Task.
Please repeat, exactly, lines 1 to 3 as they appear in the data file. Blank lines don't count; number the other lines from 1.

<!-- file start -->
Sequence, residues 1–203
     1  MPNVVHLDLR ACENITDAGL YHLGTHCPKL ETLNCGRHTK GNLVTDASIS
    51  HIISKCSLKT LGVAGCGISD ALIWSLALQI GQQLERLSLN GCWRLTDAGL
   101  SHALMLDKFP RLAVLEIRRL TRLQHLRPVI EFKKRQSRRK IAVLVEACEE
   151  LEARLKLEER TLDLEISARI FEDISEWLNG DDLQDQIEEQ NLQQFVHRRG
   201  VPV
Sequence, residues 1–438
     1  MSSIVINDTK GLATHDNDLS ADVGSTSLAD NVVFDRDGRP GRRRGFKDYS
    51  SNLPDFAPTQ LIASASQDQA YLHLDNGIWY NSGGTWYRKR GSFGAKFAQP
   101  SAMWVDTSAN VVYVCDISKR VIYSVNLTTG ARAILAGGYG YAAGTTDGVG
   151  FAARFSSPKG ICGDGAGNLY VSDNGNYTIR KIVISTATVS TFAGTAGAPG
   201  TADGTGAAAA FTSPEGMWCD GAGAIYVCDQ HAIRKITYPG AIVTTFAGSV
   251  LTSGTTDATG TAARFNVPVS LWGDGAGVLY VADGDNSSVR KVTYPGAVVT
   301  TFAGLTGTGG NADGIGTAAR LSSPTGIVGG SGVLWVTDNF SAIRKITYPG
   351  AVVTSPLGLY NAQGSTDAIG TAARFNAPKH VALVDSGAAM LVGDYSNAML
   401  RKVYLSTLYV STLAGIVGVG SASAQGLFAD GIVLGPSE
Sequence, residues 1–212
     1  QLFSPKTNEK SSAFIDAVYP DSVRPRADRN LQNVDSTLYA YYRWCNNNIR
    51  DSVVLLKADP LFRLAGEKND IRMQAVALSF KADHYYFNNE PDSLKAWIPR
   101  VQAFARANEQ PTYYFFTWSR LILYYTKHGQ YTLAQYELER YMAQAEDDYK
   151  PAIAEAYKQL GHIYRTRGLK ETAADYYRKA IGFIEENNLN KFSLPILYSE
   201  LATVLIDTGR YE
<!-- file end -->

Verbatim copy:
Sequence, residues 1–203
     1  MPNVVHLDLR ACENITDAGL YHLGTHCPKL ETLNCGRHTK GNLVTDASIS
    51  HIISKCSLKT LGVAGCGISD ALIWSLALQI GQQLERLSLN GCWRLTDAGL